Forest Born by Shannon Hale

photo_7226_20090705I recently read the fourth book in Shannon Hale’s incredible Books of Bayern series. I first read Shannon’s books back when she had just published her second book, Princess Academy. I had dealings with Shannon for some time and was very impressed with her. Forest Born, the fourth book in the series was great. I have to admit it had been awhile since I read the previous books so I reread River Secrets before starting Forest Born. I had forgotten how much I liked the character Razo. Razo’s insecurities about his own worth and not understanding why he was asked to accompany the group on the ambassador trip really hit home for me.  How often do we doubt our own worth or feel insignificant when compared with everyone else?

Forest Born is about Razo’s younger sister, Rin. I like Rin’s character, she is very impressed with the strong women in her life and only sees how strong they are now, not how they were before this point, which is how life is. I love how Rin can see some of each character in herself, including the protaganist but it is Rin’s choosing to be a strong good person that makes her that way.  Spending time with Enna, Isi and Dasha again is great and I loved seeing the three of them interact together.

I disliked how Rin seems to focus on one major event in her life so much and she keeps living through that moment again and again. I ended up feeling like we had reviewed what had happened before and I didn’t want to continue to relive that moment when so much other events were going on.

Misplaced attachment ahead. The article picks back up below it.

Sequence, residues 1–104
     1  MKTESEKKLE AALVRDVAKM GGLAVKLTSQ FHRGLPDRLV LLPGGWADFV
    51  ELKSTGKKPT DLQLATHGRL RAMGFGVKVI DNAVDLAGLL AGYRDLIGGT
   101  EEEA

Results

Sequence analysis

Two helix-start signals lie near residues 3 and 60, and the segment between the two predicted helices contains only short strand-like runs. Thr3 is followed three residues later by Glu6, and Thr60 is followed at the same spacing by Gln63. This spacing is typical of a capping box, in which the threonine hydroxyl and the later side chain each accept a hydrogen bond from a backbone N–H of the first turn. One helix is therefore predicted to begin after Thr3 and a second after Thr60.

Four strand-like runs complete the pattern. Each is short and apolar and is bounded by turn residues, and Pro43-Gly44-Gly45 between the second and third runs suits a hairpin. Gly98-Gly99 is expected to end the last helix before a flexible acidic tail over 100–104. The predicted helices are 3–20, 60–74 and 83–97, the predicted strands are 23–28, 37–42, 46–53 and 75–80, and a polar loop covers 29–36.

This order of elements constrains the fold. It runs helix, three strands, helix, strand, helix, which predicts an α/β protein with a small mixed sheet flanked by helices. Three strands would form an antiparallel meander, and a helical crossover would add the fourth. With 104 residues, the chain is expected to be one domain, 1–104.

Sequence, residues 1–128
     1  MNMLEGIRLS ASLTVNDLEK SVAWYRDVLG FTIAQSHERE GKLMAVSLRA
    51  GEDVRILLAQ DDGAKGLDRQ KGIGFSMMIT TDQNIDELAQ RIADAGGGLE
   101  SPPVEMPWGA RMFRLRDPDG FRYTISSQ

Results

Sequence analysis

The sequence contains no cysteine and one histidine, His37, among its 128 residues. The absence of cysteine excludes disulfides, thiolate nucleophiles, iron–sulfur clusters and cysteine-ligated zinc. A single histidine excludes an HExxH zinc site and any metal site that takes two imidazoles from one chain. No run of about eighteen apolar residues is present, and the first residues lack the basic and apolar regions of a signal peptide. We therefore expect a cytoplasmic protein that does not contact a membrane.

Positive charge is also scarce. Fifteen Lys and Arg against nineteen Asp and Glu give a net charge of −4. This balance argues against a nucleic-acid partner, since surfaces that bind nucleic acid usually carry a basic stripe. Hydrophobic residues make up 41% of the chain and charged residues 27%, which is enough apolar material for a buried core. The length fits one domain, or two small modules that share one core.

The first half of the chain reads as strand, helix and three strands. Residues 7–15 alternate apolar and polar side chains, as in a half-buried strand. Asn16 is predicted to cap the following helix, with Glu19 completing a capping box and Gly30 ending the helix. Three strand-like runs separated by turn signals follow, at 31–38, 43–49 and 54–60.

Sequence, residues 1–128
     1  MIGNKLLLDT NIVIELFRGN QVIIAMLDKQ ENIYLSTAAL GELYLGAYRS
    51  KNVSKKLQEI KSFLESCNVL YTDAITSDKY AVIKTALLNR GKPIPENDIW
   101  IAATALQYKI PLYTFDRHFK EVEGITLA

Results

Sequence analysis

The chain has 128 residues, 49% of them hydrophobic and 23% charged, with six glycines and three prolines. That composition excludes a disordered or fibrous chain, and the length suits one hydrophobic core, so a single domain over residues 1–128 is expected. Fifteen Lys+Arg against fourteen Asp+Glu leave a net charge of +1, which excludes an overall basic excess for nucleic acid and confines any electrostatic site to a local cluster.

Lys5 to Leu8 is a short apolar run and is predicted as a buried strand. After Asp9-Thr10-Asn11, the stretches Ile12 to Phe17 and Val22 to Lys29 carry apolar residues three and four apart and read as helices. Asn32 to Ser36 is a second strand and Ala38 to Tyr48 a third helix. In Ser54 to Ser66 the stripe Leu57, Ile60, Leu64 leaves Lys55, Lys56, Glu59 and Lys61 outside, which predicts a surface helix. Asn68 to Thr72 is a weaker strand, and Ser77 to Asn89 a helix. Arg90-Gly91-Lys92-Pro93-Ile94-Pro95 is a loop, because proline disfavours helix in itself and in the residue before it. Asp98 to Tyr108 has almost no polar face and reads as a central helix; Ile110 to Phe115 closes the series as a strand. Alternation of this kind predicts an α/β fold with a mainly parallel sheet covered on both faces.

I was very surprised by the main protagonist, definitely not what who I was expecting. I love it when an author is able to surprise me as much as Shannon did in this book.

I would suggest that anyone wanting to read this book start with the first book in the series, The Goose Girl. You don’t have to read the previous books to understand this book because you get enough of the back story to understand what is going on but, I think the story is more enjoyable if you have experienced where all the main characters have come from and seen how they have come to this moment in time.

This book gets One because there is some brief light kissing.

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Pride and Prejudice and Zombies

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Upon first hearing of this book, Pride and Prejudice and Zombies by Jane Austen and Seth Grahame-Smith, I figured it would either be an absolute riot or the worst book ever written.  I was correct, this book is a riot!  I giggled through the whole thing.  I am a huge Pride and Prejudice fan. I have lost count of the number of times I have read the book and I own three different versions of the movie.  Starting the book, I was expecting an exact replica of the original story with zombies added but, was surprised with the first conversation that the author updated the language.  I have to admit this threw me for a minute and I had to stop and think about if I really wanted to finish the book.  (I know I shouldn’t start a book with preconceived notions but when it comes to this book, I didn’t even realize I had done it until I started the book.) I pressed on and immediately started giggling.  The author went far beyond just the potty-humor I was expecting.  The characters refer to the zombies as “unmentionables”, showing the author’s keen grasp of English Society during this time.